A Memorial Day prayer
A Christian Science perspective.
As Americans give thanks this holiday weekend for those who have given their lives in the service of their country, Memorial Day can be a reminder that the thousands of servicemen and -women presently deployed to troubled parts of the world deserve our prayers, and so do their families.Skip to next paragraph
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Whatever our opinion of the politics involved may be, those serving in the military represent lives dedicated to bringing greater stability to the international community. In addition to the obvious dangers that war and terrorism pose, troops can experience the loneliness of being in an unfamiliar culture and environment, which may include an inhospitable climate and terrain. One thought that has comforted me has been the knowledge that no matter where they are, these troops cannot be cut off from God’s love and care, as Christ Jesus’ example and teaching show.
Despite the hostility and isolation that he and his followers faced, even in their own country, Jesus had a confident and consistent view that “the kingdom of heaven is at hand” (Matt. 4:17; 10:7). Rather than being a location or a future state of affairs, this kingdom, Jesus taught, is a way of thinking from the perspective of God, whose purpose for every one of His children is always good. Through his own life, Jesus showed that heaven can be experienced wherever we are, at any time, as a state of thought. Relating his spiritual conviction to daily life, his model for prayer (the Lord’s Prayer) includes the lines “Thy kingdom come. Thy will be done in earth, as it is in heaven.”
In her book “Science and Health with Key to the Scriptures,” the Monitor’s founder, Mary Baker Eddy, gave a three-fold definition of the “kingdom of heaven” from which our prayers for those in war zones can flow. Based on different aspects of God’s nature, it reads, “Kingdom of Heaven. The reign of harmony in divine Science; the realm of unerring, eternal, and omnipotent Mind; the atmosphere of Spirit, where Soul is supreme” (p. 590).
I’ve found that in practical terms, this means that first we can affirm in prayer that every soldier and citizen lives and works under “the reign of harmony,” not terror, because harmony is the natural condition of God’s creation. Moreover, there is a divine principle of harmony that directs men’s and women’s thoughts and actions. Acknowledging this law results in the cooperation, understanding, and trust that produce constructive working relationships – and it also has the potential to adjust circumstances to meet everyone’s daily needs for food, shelter, and safety.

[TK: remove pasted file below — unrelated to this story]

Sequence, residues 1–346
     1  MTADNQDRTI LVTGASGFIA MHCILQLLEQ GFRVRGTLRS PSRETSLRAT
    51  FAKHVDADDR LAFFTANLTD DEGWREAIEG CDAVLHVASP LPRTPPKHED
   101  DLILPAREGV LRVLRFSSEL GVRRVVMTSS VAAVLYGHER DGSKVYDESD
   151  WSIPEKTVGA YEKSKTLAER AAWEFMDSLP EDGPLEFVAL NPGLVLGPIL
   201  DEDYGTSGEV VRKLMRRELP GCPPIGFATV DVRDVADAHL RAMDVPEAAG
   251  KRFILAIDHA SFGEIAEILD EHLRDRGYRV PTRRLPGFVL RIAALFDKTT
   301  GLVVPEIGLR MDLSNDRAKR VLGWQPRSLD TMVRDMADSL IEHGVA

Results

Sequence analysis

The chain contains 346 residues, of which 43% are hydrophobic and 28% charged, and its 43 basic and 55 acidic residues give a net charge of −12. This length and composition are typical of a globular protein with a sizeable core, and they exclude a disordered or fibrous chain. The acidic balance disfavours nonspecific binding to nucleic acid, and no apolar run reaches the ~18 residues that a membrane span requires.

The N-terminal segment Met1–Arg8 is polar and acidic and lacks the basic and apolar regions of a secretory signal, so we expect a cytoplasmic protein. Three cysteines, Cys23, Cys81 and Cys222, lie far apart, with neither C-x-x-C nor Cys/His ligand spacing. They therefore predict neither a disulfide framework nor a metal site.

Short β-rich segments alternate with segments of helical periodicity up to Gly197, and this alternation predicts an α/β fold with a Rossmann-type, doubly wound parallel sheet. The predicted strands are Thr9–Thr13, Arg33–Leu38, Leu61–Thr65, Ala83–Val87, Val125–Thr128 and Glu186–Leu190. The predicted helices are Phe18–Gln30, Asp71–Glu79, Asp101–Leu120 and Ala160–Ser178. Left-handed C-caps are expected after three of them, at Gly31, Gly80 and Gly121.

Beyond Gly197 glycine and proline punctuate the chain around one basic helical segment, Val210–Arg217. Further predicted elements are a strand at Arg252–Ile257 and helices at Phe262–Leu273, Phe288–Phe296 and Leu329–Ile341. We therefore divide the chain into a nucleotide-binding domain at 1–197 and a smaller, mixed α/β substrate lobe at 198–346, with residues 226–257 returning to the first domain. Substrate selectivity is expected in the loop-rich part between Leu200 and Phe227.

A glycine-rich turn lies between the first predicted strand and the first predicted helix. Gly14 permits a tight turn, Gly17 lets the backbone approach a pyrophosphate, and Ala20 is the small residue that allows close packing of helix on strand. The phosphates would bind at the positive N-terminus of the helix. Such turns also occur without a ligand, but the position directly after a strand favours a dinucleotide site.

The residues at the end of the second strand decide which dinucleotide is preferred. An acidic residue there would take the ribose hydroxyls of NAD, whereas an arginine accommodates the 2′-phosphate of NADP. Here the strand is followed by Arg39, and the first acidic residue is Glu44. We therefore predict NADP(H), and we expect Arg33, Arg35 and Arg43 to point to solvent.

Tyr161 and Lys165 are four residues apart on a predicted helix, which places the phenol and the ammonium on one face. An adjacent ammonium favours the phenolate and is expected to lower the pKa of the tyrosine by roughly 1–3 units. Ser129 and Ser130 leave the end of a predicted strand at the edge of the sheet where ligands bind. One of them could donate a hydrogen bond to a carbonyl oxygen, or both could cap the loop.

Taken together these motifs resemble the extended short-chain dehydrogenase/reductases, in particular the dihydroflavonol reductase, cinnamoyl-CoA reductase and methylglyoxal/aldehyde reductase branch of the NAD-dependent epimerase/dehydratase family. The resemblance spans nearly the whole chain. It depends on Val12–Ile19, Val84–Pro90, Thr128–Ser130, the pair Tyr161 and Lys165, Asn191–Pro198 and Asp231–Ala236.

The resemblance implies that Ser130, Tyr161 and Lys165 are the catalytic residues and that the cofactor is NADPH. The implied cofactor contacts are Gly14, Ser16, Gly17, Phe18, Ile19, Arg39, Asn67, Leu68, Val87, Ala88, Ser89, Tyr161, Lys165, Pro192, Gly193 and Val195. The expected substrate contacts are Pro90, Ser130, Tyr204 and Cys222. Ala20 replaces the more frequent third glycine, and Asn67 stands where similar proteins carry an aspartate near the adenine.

Further, we can think of service personnel and local families as living in that “realm of unerring, eternal, and omnipotent Mind,” in which they are subject to and express the intelligence and wisdom of God. This is beneficent to all, and precludes mistake or malice, chance or confusion. It can also overturn intransigent opinions and policies and give impetus to fresh, progressive ideas and their implementation.
Accepting the reality of God’s kingdom, we can be reassured that, in “the atmosphere of Spirit, where Soul is supreme,” every soldier and every citizen can be free from fear and oppressive conditions and can find himself or herself where God-derived motives and character predominate. Spirit gives us the ability to turn thought away from any frightening images to the realization that love, intelligence, and rationality belong to everyone, and can triumph over aggression.
Wherever we live, wherever we go, each one of us can keep our thoughts firmly rooted in the kingdom of heaven. Because it is a God-given state of mind, nobody can ever truly leave this kingdom or lose it. All have a right to the stability and protection it offers. Our prayers, based on this knowledge, will help give peace of mind to servicemen and -women and their families back home. They embrace local citizens as well and can act as a stimulus for progress and freedom for people everywhere.
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